Hello my journaling queermos. This year at A-Camp, Hansen and I are hosting a Diarists’ Hike — a hike where we, uh, hike to the scenic overlook where we feast our eyes upon the majestic Big Bear mountains, write in our journals and pray we don’t become prey for any majestic big bears.
We at Autostraddle are, in general, pretty big fans of the journal. We had a whole Dear Queer Diary column about keeping a journal; we run an A+ segment wherein we share excerpts from our own diaries. I’m still working up the courage to pitch to that segment, by the way, because I’m convinced that I don’t sound nice in my journals, that maybe the deepest-truest part of my soul is a rotten apple. But I digress. Journaling.
I’m utterly convinced that keeping a journal of some kind is the most valuable thing you can do if you are a creative person or work in a creative field (artist, writer, musician, etc.). I’m fairly convinced that keeping a journal of some kind is the most valuable thing you can do if you are any sort of human at all (because everyone needs to converse with themselves somehow, sanity, etc.). That’s just my opinion, of course. I highly recommend it.
But what does one do when they light a candle, sit down with their journal and stare at the blank page and… nothing? It happens. I find this means I am placing some sort of expectation on myself for how my journal should look/sound/behave/operate. There is no one right way to journal — and if it helps, likely no one will ever ask to read it unless you work at Autostraddle. If it doesn’t help, one time instead of writing something deep, I made my grocery list and went grocery shopping. At least it was a productive session in one way or another.
Mostly what I do, though, is I go for a walk. And that, my unicorn-fairy-lovelies, is why the Hike.
Because when you can’t think of what in your life to write about, you should go outside and put yourself in life. And write about that. Now I know not all of us can walk a mountain range. But I have a feeling many of us can go outside and simply describe. Not just what you see, either — how do things smell? Feel? Hear? Don’t taste anything if you’re out in the wilderness because that’s inadvisable. Your neighbor walks by — how do you know them? Do you know them at all? What do you imagine they do with their day, if you were the Sims-controller if their life? When was the last time they spoke to you. You pass a restaurant on a busy city street that you never noticed before — what was in its place last you checked?
See? It doesn’t matter where you are. Starting with the world around you is like falling down the clickhole when you’re googling elaborate Cate Blanchett fan fiction — the first step will lead you somewhere, and you may surprise yourself with what you notice. What’s important to you. How you see the world and move through it.
Or you can come up all zeros again. That’s where this handy post comes in. See, if people’s brains begin to drool nothing all over their journal on the hike, we have a dandy hat they can draw a prompt from. We’re giving you 13 of those prompts right here, right now. Some of the most surprising things I’ve written have come out of prompts I didn’t feel strongly about. Sometimes having a strong preference for something is just resistance to territory your brain actually ought to be at that moment.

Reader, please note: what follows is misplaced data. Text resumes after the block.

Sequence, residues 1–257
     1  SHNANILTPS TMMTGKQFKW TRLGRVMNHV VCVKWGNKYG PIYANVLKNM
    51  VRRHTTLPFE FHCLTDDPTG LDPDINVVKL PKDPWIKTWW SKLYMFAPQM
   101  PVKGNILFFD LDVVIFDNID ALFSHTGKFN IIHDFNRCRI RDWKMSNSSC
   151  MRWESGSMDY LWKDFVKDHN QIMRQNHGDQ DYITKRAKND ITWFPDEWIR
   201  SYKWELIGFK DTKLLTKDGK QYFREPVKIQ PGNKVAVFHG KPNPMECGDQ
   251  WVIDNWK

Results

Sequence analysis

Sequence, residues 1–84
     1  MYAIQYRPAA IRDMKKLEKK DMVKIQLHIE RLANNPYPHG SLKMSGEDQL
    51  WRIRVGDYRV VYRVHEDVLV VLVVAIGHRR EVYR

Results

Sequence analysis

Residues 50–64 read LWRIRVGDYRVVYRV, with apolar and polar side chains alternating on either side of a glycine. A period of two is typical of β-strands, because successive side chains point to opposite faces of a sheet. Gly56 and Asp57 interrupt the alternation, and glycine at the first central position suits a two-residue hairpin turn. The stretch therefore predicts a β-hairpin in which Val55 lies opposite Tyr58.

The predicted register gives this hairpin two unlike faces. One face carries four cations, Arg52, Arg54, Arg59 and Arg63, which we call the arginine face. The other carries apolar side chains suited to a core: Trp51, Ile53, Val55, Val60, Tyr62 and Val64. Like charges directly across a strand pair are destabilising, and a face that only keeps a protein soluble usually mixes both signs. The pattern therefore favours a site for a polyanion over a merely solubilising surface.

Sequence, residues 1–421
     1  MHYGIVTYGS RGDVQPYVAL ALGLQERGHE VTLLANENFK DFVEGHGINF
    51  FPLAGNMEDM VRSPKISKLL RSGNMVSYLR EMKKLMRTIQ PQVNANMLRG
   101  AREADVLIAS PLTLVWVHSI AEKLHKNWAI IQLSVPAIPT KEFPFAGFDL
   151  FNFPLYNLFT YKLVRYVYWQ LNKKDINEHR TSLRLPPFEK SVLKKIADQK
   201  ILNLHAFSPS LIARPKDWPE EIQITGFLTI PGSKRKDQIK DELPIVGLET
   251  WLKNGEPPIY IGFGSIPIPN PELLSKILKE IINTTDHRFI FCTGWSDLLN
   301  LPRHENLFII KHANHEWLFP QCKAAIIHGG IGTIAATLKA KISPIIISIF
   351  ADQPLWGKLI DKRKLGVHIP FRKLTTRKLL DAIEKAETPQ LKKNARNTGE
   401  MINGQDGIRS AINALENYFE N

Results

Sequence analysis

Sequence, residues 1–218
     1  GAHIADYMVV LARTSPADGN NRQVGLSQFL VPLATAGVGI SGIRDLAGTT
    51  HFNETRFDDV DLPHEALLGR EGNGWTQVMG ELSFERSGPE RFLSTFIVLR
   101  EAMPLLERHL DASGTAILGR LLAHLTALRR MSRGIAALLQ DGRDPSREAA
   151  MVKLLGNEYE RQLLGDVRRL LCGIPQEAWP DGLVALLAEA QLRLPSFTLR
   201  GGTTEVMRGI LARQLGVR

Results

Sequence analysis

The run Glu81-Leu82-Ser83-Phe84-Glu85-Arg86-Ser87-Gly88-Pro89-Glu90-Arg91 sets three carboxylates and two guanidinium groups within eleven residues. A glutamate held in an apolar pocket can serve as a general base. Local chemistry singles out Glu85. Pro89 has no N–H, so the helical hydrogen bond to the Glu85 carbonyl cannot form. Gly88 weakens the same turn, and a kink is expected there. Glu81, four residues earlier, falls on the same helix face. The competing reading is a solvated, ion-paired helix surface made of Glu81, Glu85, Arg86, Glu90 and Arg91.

Sally forth, good queers, and journal!
- This is a prompt about endings. Something in your life is coming to an end, and something else is beginning — write about the transition space you’re exploring right now. What do you need to move forward? What do you need to let go? If you aren’t closing one epoch in favor of another at the moment, there must be something you’ve been carrying that you wish with all your heart and soul that you could put down. What is it?
- Write about the first time you’ve felt part of a community — or write about your perfect community. Or both.
- Do you ever feel like you want to run away and start a new life under a new name and do something completely different? Write about that imaginary adventure.
- Close your eyes and take a deep breath. You smell something from your childhood. What is it? Where does that smell lead you? Paint a word picture of the whole scene, the whole memory.
- Do you remember your first lie? What was it? What is your relationship to stretching the truth? When was the last time you told a fib?
- What is your real life superpower? Do you use it for good, or for evil? What can you do in your life to cultivate the superpowers you want — or to cultivate a responsible, efficient use of the superpowers you already have.
- Write about a time where you got away with something that you shouldn’t have.
- In your life to this point, what moment has sucked the worst? Paint a picture of that moment — how far from it are you? What kind of reflection has that distance brought?
- Listen to me. Do not organize your mind right now. Shake it up, jumble it until it’s just a bunch of connections firing into space — just a bunch of snowflakes behind the glass of a snow globe. Now. Write. Don’t think. Just put words down and let the connections form where they may.
- Write about fighting. Everyone fights — do you fight the system? The patriarchy? Your family? Yourself? What are you fighting right now? What do you hope for regarding the outcome?
- Make a list of the things you’re committed to doing right now — do you think you’ve got too many things? Too few? Or is it about quality — are these the sorts of things you want to be responsible for or carry with you? Make a new list — fantasy commitment list. What do you wish you could be spending your time on?
- Complete a whole journal entry without using words.
- You are looking at a map of the world — on it, there are pins that represent places where you left pieces of your heart. Write the pins. What piece of your heart did you leave? Why did it break off and decide to stay?